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 September 10, 2010


Energy conservation awareness encouraged for McCoy work force

Fort McCoy has an active energy program to reduce energy usage, including replacing older light fixtures, improving insulation, and adding high-efficiency appliances, whenever possible, said Michael J. Kelley.

Kelley, the chief engineer of the Energy-Utilities Branch for the Fort McCoy Directorate of Public Works, said the installation is mandated to cut energy and water usage through several legislative acts and presidential executive orders.

According to these mandates, energy use must be decreased by 3 percent each year for 10 years from a baseline set by energy consumption in fiscal year (FY) 2003. The program is under way and ends in FY 2015. This would be a total energy reduction of 30 percent, Kelley said. Likewise, water consumption must be cut by 2 percent a year from a baseline set based on FY 2007 consumption rates for 13 years through FY 26 for a total water usage reduction of 26 percent.

“A major initiative to help us reach these goals has been to incorporate energy savings measures, such as increased building insulation, high-efficiency furnaces and insulated windows in all World War II wood building renovation projects,” Kelley said. “In recent years we’ve been including high-efficiency kitchen equipment in the dining facilities and low-flow water fixtures throughout the installation.”

The installation also has done a number of lighting retrofits. One such project, which replaced the lighting in several Installation Maintenance Materiel Activity facilities in the 200 block, netted the installation $28,000 in incentive rebates from the Focus on Energy program. Focus on Energy incentive rebates for projects from FY 07-09 have earned about $120,000 for Fort McCoy.

Fort McCoy also has taken advantage of other energy-saving opportunities, such as obtaining 10,000 free compact fluorescent lamps from Focus on Energy. Kelley said these have been installed in place of incandescent light bulbs.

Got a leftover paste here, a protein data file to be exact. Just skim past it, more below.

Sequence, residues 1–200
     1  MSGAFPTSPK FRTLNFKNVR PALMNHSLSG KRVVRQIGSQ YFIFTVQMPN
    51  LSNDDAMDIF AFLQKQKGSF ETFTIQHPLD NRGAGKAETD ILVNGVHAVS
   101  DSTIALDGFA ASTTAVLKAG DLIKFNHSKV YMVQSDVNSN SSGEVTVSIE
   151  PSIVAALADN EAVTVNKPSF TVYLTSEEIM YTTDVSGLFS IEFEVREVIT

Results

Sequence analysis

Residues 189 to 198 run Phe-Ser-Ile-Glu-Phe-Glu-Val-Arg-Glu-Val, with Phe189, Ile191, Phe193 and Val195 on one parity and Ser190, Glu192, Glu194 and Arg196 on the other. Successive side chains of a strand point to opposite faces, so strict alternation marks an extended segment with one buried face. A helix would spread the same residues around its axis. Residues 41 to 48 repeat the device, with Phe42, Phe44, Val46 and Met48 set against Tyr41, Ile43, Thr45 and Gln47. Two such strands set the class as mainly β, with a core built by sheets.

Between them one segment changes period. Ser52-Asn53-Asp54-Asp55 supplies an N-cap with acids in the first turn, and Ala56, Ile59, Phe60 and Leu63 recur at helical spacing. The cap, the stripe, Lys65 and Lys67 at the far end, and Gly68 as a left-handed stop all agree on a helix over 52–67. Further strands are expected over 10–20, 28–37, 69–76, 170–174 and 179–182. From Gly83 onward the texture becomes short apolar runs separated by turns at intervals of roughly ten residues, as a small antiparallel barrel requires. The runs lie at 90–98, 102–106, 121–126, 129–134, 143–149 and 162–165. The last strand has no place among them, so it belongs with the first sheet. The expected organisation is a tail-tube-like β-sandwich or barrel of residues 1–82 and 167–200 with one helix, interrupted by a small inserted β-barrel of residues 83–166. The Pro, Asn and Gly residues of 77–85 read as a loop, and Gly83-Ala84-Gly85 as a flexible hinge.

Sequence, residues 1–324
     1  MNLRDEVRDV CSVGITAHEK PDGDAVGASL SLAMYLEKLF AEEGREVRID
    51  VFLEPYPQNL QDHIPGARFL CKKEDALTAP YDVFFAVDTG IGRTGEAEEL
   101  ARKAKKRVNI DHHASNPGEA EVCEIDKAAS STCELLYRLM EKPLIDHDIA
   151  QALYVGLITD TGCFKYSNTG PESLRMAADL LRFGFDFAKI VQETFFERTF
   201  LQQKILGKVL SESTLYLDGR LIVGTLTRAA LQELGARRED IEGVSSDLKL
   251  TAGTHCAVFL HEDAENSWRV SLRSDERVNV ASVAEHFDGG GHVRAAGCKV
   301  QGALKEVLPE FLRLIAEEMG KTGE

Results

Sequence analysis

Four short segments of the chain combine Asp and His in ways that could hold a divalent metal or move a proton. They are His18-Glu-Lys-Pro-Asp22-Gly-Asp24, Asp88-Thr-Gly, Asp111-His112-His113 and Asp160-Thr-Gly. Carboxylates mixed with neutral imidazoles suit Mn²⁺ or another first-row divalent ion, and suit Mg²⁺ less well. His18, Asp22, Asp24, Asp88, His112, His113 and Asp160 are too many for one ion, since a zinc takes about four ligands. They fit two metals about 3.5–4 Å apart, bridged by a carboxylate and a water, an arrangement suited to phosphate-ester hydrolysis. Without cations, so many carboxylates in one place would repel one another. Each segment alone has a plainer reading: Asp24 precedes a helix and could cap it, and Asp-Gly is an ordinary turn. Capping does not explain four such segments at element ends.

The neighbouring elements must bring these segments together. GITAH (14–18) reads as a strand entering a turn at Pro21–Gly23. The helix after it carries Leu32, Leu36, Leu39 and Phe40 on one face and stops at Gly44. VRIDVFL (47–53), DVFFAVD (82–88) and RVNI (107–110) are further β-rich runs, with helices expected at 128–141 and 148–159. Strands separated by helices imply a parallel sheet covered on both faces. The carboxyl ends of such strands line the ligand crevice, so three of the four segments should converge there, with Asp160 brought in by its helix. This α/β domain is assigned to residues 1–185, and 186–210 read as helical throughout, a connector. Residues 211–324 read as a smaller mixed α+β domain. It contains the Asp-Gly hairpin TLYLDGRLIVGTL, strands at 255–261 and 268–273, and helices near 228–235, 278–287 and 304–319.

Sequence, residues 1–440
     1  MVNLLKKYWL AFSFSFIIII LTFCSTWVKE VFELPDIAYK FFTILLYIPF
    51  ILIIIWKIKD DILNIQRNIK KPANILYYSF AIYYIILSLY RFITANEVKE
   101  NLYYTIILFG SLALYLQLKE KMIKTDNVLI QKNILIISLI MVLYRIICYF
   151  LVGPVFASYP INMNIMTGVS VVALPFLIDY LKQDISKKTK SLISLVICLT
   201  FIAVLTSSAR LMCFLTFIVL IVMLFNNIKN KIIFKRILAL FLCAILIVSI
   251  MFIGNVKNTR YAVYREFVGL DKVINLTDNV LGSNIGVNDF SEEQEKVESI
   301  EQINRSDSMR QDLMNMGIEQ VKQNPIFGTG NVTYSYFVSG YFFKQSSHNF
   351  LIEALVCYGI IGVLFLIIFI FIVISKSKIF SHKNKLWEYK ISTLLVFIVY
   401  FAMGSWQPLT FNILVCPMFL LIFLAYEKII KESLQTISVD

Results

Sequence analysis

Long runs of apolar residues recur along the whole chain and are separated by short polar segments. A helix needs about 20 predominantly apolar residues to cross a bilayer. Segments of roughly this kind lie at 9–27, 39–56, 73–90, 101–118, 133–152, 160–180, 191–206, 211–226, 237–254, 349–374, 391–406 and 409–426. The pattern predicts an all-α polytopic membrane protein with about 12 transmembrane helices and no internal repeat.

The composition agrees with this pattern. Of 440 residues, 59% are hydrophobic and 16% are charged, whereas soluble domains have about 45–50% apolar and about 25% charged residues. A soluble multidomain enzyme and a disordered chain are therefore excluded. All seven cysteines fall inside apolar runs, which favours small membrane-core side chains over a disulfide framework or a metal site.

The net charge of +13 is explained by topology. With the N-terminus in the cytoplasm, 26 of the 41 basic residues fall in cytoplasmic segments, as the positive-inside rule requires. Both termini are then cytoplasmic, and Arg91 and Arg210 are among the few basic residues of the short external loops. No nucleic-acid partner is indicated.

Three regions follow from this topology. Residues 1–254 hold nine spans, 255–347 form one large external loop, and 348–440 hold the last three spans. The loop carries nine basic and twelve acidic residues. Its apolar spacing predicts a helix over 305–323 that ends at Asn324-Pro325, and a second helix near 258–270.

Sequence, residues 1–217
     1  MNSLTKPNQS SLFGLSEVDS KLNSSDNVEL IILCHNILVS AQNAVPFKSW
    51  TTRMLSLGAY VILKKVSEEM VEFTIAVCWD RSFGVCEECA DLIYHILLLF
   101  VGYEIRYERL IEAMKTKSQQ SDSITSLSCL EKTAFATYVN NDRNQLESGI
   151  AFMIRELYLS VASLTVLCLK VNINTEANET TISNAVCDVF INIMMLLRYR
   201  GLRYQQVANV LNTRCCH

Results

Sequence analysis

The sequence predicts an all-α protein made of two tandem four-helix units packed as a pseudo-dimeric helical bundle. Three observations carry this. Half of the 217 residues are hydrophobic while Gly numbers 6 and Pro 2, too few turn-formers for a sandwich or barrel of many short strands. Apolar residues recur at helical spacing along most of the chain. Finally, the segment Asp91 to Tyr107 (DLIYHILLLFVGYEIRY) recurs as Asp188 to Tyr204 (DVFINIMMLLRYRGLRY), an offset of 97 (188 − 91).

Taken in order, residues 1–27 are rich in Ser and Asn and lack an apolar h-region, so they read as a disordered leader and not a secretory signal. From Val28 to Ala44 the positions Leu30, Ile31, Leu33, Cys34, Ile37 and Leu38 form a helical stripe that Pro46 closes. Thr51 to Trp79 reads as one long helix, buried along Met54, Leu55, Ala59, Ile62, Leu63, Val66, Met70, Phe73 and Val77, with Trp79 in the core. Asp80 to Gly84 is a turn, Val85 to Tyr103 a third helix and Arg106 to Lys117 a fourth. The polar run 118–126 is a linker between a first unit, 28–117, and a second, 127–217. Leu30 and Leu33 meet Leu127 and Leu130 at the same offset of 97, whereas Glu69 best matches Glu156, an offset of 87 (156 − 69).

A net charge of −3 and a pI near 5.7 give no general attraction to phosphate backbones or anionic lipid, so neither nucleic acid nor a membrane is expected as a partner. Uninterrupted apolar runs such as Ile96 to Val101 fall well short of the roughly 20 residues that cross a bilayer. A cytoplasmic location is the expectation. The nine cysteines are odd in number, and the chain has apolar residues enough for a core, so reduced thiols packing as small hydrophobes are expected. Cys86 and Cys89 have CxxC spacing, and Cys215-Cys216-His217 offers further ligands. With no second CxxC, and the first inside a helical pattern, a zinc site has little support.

New buildings being constructed also must meet strict standards to reduce energy consumption. This includes using up-to-date insulation, lighting, heating and cooling materials/equipment to meet the recommended standards of the American Society of Heating, Refrigerating and Air-Conditioning Engineers in Standard 90.1-2004.

Employees in the Fort McCoy work force play an important role in helping to curb unnecessary energy/water use, Kelley said.

“For starters, doing simple common-sense things you would normally do around the house (which help you save money on your bills) would go a long way toward helping us meet our goals,” Kelley said. “Turn off the lights in your office or other areas when you’re not going to be around for a while.”

Kelley said monitoring the use of air conditioners/heating equipment and not running them with windows or doors wide open will help save energy costs. Computer monitors and printers also should be placed in energy-saving modes or shut off, if possible, before leaving an office or going home.

If employees notice things out of the ordinary, such as outdoor lights on in the middle of the day or furnaces running when it’s 80 degrees outside they are encouraged to contact the HELP Desk at 608-388-4357. Technicians will fix the problem or refer it to the engineering group for analysis and a long-term solution, if necessary, he said.

Building Energy Monitors are appointed for every building per Fort McCoy Energy Conservation Policy 09-13, which can be found on the Fort McCoy Corporate Network (FMCN).

These personnel can provide information about various energy-conservation practices, such as setting temperature ranges for heating and cooling buildings in season, or the guidance is available in the Army Facilities Management, Army Regulation 420-1, Chapter 22, Paragraph 22-12b. The Energy Office also puts out regular reminders on the FMCN about energy usage and conservation.

For more information about energy-reduction at Fort McCoy, contact your building energy monitor or call Kelley at 608-388-8682.

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